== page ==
HCR25, which would ban the use of USGBC’s LEED v4 in Ohio, has been heard three times by the Senate Energy and Natural Resources Committee. Because a vote could come next week, now is the time to make your voice heard! A vote by the Senate Energy and Natural Resources Committee could occur as early as Feb. 25!
Proponents, primarily the chemical and forestry associations, contend that the USGBC process that was used to create version 4 was neither open nor transparent and discriminates against safe building materials such as vinyl, PVC, paints and Ohio forestry products. They argue that when measuring state energy efficiency and environmental performance, Ohio should only use green building rating systems, codes and standards developed by the American National Standards Institute (ANSI). They say many of Ohio’s chemical and forestry-related jobs will be lost if Ohio uses v4.
Opponents, including AIA Ohio, have testified that:
- Banning LEED version 4 in public buildings undermines competition in the market-based economy, prevents innovation, and abandons a proven, consensus-based program that has delivered energy and water savings.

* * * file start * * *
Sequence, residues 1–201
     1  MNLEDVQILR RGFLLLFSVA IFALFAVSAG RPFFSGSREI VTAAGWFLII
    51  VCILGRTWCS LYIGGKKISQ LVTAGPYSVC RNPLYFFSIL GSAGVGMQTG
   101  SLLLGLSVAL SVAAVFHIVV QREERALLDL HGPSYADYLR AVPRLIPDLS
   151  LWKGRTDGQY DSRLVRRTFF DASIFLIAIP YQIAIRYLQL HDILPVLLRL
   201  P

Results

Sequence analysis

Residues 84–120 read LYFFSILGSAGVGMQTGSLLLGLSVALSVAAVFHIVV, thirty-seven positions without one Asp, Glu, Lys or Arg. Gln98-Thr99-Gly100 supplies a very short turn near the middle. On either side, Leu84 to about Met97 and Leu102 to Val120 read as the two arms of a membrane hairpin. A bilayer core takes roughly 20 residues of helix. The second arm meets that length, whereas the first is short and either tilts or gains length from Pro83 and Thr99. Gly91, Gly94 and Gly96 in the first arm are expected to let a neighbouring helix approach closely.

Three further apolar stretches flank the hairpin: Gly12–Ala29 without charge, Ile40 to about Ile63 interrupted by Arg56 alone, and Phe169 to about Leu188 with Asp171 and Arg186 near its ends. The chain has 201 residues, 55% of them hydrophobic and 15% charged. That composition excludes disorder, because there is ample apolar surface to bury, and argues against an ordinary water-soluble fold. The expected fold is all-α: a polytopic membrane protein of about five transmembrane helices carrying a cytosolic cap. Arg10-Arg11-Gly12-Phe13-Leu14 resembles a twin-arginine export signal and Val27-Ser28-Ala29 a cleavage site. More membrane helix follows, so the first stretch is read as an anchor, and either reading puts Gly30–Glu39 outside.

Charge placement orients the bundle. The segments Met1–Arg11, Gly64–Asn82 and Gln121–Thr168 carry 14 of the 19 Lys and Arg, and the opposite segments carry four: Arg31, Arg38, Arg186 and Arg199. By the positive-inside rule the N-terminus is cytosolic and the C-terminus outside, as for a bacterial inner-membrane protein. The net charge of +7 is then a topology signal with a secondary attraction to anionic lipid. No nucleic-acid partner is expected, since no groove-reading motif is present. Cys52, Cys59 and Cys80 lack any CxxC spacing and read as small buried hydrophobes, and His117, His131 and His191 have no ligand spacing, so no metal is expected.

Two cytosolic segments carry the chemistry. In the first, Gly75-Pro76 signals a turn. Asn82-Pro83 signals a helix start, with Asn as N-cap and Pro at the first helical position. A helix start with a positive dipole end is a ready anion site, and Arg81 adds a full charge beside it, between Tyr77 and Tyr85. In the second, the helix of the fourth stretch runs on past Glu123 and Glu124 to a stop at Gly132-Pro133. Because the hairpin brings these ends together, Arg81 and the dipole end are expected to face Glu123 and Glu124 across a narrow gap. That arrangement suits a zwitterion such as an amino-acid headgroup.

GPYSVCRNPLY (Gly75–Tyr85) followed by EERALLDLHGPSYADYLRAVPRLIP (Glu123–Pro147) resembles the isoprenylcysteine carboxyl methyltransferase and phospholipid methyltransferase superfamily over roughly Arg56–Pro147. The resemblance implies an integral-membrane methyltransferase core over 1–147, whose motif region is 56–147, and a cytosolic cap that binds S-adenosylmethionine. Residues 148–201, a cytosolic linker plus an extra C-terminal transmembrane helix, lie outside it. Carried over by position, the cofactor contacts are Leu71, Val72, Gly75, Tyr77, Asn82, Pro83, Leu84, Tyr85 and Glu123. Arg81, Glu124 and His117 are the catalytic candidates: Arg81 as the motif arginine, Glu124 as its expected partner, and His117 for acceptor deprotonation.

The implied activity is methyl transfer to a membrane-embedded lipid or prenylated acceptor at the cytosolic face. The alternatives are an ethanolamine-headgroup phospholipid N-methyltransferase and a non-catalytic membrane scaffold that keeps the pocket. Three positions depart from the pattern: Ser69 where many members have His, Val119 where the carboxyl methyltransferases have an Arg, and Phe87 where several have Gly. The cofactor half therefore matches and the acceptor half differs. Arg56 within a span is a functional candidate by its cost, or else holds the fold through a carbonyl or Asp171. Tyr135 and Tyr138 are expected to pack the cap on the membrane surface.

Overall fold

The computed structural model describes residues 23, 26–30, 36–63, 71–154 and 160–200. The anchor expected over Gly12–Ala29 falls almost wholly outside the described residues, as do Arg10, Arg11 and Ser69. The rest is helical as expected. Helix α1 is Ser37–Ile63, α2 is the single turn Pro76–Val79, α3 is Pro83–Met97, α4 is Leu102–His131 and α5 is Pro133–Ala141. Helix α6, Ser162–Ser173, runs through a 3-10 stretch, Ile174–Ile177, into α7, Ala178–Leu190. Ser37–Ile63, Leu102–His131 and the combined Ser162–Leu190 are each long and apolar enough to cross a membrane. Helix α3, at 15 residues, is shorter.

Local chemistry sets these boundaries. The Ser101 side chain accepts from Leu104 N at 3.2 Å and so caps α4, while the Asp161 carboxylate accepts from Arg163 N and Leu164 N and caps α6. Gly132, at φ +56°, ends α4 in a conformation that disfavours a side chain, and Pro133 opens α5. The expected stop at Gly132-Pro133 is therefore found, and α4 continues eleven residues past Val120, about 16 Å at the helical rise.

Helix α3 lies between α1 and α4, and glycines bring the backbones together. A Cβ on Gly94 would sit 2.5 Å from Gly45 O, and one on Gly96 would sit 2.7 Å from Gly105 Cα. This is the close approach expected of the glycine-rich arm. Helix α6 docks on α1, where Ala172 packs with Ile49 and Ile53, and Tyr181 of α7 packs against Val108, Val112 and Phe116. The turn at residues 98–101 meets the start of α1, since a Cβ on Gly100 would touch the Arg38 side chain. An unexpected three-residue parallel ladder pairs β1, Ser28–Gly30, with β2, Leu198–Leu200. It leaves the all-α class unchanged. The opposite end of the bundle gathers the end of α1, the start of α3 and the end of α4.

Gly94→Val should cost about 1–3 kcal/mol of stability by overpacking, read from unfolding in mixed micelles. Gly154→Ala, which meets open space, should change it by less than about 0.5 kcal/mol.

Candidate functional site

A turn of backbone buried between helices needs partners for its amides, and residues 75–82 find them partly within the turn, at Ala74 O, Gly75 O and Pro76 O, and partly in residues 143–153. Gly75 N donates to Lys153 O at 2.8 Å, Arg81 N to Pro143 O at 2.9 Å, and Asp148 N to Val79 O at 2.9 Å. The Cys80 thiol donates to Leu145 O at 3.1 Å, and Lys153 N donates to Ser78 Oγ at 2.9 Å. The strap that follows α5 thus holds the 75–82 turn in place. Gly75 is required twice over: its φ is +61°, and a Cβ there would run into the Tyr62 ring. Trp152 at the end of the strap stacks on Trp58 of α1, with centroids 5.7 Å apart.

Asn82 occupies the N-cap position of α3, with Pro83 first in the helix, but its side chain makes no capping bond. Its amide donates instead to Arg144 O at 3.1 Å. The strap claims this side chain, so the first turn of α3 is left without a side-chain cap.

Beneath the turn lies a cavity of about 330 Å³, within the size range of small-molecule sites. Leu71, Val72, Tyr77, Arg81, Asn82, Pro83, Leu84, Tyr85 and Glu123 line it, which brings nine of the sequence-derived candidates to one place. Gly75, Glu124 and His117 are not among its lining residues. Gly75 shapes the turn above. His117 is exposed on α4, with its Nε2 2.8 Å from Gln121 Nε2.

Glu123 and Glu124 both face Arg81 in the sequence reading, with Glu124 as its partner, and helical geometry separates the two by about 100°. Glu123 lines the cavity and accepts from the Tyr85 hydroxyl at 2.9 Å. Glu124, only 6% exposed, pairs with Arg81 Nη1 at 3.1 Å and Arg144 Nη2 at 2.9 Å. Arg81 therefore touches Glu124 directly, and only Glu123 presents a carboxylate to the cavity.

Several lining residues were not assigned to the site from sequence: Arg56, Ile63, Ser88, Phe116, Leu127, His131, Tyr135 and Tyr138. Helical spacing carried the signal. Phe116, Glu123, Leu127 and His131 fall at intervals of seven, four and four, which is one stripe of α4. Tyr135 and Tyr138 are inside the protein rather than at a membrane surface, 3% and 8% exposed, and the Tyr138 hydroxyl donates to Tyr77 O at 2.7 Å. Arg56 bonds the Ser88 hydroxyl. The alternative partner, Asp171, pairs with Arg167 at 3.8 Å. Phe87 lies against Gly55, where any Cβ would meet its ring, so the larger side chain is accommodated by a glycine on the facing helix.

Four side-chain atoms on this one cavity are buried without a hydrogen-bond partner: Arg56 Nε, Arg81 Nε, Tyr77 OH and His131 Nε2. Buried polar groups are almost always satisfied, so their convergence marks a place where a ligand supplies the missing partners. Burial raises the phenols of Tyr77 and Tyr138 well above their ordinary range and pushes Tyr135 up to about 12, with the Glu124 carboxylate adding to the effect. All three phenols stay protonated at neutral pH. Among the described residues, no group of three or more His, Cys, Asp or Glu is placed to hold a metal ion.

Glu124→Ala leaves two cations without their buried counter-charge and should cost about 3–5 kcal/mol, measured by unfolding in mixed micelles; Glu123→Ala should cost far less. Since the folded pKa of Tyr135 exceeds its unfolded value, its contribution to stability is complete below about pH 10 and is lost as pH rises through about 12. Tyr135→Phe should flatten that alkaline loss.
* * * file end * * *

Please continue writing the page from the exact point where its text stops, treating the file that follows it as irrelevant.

- LEED certification offers project owners a broad set of standards to choose from to validate that their project, in its totality, delivers measurable environmental benefits. Employee health, life-cycle costs, student performance can all be improved with strategies that the LEED programs reward and which drive market innovation and improved product options.
- LEED v4 encourages innovation in that the strategies that have been rewarded are now the “baseline” and incentives have been added to go above and beyond those.
- LEED v4 represents the natural progression of all standards to continue to improve outcomes, stay current with technologies and recognize success.
- Countering the charge that LEED v4 was neither open nor transparent, opponents described the multi-level committee process that included six (6) public comment periods prior to a vote of the USGBC’s 13,000 members. They noted that last fall the Government Services Agency (GSA), following an open and collaborative evaluation process spanning several years, and allowing for agency, public, and private sector input, recommended LEED v4 as one of two green building certification systems.
Time to contact your Senator as well as members of the Senate Energy and Natural Resources.
Go into as much detail as you like, however, at a minimum, ask them to vote “no” on SCR25.